Recently, the use of nano- and microparticle drug delivery in the pharmaceutical industry has been reported. This formulation technology has been applied to a variety of dosing routes including the oral, intraperitoneal (IP), intramuscular (IM), inhalation, intratracheal (IT), intranasal (IN), and subcutaneous (SC) dosing routes, or to enable direct target delivery [24–28]. The main advantage of using nano- or microparticle delivery systems is that the small particle size creates an increased surface area which acts to enhance the overall dissolution rate, thereby improving the bioavailability of extravascular dosing routes without the use of solvents. The described advantage of an improved dissolution rate can also be applied to the IV route [28–34]. The use of nanoparticles for IV formulations has recently drawn much attention [28–34]. However, there is a need for more in vivo investigations evaluating intravenous delivery with nanoparticle formulations. The impact of intravenous nanosuspension delivery on pharmacokinetics, tissue/organ distribution, and pharmacodynamics/efficacy are not fully understood. The objective of our current study is to investigate the effect of intravenous nanosuspension delivery of paclitaxel to a xenograft mouse tumor model compared to the standard Cremophor EL:ethanol formulation. In particular, comparisons of pharmacokinetics, organ distribution, and anti-tumor effect were evaluated for both formulations following intravenous administration. We observe differences in paclitaxel pharmacokinetics, tissue distribution, and most importantly anti-tumor effect due to nanosuspension delivery.
High-performance liquid chromatography (HPLC)-grade acetonitrile was obtained from Burdick & Jackson (Muskegon, MI, USA), reagent-grade formic acid was obtained from EM Science (Gibbstown, NJ, USA), and paclitaxel bulk drug was purchased from Sigma-Aldrich (St. Louis, MO, USA). Commercially available paclitaxel (Cremophor EL:ethanol) was manufactured by Bristol-Myers Squibb (New York, NY, USA). Other chemicals were either made in-house (Genentech, Inc., South San Francisco, CA, USA) or purchased from Sigma-Aldrich. The water purification system used was a Millipore Milli-Q system (Billerica, MA, USA).
Powder X-ray diffraction pattern and particle size determination
Powder X-ray diffraction (PXRD) patterns were recorded at room temperature with a Rigaku (The Woodlands, TX, USA) MiniFlex II desktop X-ray powder diffractometer. Radiation of Cu Kα at 30 kV and −15 mA was used with 2θ increment rate of 3°/min. The scans were run over a range of 2° to 40° 2θ with a step size of 0.02° and a step time of 2 s. Powder samples were placed on a flat silicon zero background sample holder.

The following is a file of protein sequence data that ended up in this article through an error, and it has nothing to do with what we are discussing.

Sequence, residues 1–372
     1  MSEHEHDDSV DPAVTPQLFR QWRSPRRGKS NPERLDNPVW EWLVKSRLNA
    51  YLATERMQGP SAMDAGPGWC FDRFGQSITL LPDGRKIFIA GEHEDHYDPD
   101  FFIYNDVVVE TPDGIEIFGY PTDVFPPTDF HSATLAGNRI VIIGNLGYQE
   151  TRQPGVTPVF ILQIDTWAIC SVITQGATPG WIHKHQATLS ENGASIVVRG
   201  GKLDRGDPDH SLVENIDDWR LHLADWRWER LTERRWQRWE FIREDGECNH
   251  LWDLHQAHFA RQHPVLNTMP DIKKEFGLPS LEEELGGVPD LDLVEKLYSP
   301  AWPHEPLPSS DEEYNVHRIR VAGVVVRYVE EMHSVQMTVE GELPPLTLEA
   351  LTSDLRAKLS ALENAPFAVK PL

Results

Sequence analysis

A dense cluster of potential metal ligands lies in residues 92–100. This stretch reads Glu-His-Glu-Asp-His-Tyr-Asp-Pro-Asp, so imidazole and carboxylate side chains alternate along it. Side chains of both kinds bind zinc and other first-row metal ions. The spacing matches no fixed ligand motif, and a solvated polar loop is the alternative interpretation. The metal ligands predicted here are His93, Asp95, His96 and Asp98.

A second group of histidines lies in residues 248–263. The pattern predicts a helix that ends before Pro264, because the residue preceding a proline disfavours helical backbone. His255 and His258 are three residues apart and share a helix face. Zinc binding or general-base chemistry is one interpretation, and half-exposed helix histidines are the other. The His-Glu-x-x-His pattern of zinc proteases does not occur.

The particle size distribution of the nanosuspension was measured by using a Nanotrac (Montgomeryville, PA, USA) instrument. Triplicates were measured for each sample, and the average was used for the final particle size distribution. The particle size distribution was calculated based on the general purpose (normal sensitivity) analysis model and the following refractive indices (RIs): particle RI, 1.58; absorption, 1.0; and dispersant RI, 1.38.
Formulation preparation for paclitaxel IV crystalline nanosuspension and stability evaluation
A bench scale wet milling method was developed for particle size reduction and has been previously described . Briefly, a paclitaxel stock nanosuspension formulation (20 mg/mL) was prepared by mixing paclitaxel with an appropriate amount of glass beads and vehicle containing 0.1% (w/w) Cremophor EL in phosphate saline (pH 7.4) in a scintillation vial. The mixture was stirred at 1,200 rpm for a period of 24 h with occasional shaking. The resulting stock formulation was diluted to the target concentration with vehicle and then harvested. Paclitaxel concentrations were verified by a HPLC assay. Analysis of milled paclitaxel particles was performed using a Nanotrac (Montgomeryville, PA, USA) instrument. An assessment of form change in pre- and post-milling samples was performed using PXRD.
where dC/dt is the dissolution rate, D is the solute diffusion coefficient, V is the volume of the dissolution medium, h d is the diffusion boundary thickness, S is the surface area of the solute, C s is the saturation solubility of the solute, and C t (t) is the bulk solute concentration. The stability of the crystalline nanosuspension was monitored for a period of 3 weeks for particle size, PXRD, and chemical stability (by HPLC). Paclitaxel plasma solubility was determined by adding excess amount of paclitaxel bulk drug into 0.5 mL of rodent plasma (obtained in-house) which was allowed to equilibrate at 37°C on a rotary shaker for a period of 24 h. Excess drug was then removed by centrifugation which was followed by protein precipitation, and the concentration was measured by HPLC with an external standard.
Efficacy and pharmacokinetic study in xenograft mice